Public Health reports 230 cases of monkeypox in Ontario, up from 156 last week

Public Health Ontario is reporting 230 confirmed cases of monkeypox in the province, most of which are located in Toronto.

Monday’s tally rose by 74 cases from the 156 confirmed as of July 11.

The agency’s latest report says the cases are largely in southern Ontario, with 172 cases in Toronto, as well as one in Sudbury and North Bay.

One of the confirmed cases is a woman – who was registered last week – and the rest of those affected are men, aged 37 on average.

Public Health says most cases are in men who report intimate contact with men, but say anyone can get monkeypox.

The report said nine people were hospitalized with the illness and one person was in intensive care.

There are also eight probable cases of monkeypox in Ontario, all in men between the ages of 31 and 69.

Dr. Kieran Moore, the province’s chief medical officer, recently said monkeypox will likely be present for « several months » due to its long incubation period, but noted that Ontario does not know rapid growth of the virus.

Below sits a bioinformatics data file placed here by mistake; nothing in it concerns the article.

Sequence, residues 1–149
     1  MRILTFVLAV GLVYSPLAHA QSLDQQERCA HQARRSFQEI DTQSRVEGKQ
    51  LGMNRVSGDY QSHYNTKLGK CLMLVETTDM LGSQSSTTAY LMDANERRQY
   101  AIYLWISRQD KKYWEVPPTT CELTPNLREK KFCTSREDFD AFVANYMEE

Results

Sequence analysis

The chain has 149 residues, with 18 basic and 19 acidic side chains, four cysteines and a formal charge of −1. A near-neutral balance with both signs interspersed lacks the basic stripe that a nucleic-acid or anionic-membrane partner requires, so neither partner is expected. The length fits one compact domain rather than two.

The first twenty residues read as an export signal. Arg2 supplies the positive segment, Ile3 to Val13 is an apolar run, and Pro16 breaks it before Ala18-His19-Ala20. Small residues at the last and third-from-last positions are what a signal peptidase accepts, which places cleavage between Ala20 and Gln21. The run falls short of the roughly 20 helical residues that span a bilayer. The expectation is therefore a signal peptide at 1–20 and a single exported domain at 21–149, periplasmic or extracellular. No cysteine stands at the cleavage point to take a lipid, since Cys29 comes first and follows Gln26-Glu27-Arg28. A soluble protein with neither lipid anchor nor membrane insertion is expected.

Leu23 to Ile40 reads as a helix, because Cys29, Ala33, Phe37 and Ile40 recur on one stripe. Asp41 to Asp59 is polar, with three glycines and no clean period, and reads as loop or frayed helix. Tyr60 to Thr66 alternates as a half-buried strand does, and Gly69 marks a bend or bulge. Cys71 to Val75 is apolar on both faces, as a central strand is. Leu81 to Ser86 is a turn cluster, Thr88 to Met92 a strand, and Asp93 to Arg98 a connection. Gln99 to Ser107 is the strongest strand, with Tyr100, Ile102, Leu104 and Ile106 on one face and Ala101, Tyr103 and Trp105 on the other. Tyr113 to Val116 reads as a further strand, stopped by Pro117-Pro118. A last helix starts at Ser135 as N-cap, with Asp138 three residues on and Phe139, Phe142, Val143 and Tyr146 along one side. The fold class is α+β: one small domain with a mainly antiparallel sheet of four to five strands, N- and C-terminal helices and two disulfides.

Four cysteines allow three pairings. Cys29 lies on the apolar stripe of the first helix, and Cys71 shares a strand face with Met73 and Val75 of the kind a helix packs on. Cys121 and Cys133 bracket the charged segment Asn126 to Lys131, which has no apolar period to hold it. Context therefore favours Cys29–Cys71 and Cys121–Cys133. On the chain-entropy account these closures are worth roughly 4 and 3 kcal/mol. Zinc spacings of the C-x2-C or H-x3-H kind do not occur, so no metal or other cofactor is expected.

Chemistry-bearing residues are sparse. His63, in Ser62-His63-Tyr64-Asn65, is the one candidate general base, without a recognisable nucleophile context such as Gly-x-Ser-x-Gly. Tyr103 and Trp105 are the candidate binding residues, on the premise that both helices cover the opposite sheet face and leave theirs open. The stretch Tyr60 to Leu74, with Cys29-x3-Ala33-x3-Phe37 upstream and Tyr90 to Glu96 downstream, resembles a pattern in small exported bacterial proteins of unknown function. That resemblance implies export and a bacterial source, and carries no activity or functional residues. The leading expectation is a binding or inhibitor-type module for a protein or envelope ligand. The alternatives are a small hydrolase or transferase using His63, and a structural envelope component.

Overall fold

The virus usually does not spread easily and is transmitted by prolonged close contact via respiratory droplets, direct contact with broken skin or bodily fluids, or through contaminated clothing or bedding.

Common symptoms include skin rashes, mouth and genital sores, and swollen lymph nodes.

Monkeypox disease comes from the same family of viruses that cause smallpox, which the World Health Organization declared eradicated worldwide in 1980. Smallpox vaccines have been shown to be effective in combating monkeypox virus.

Local Ontario public health units hold vaccination clinics for people the province deems to be at high risk of contracting monkeypox.

Moore said the province isn’t looking to expand its vaccination strategy at this time because « it seems to be working. »


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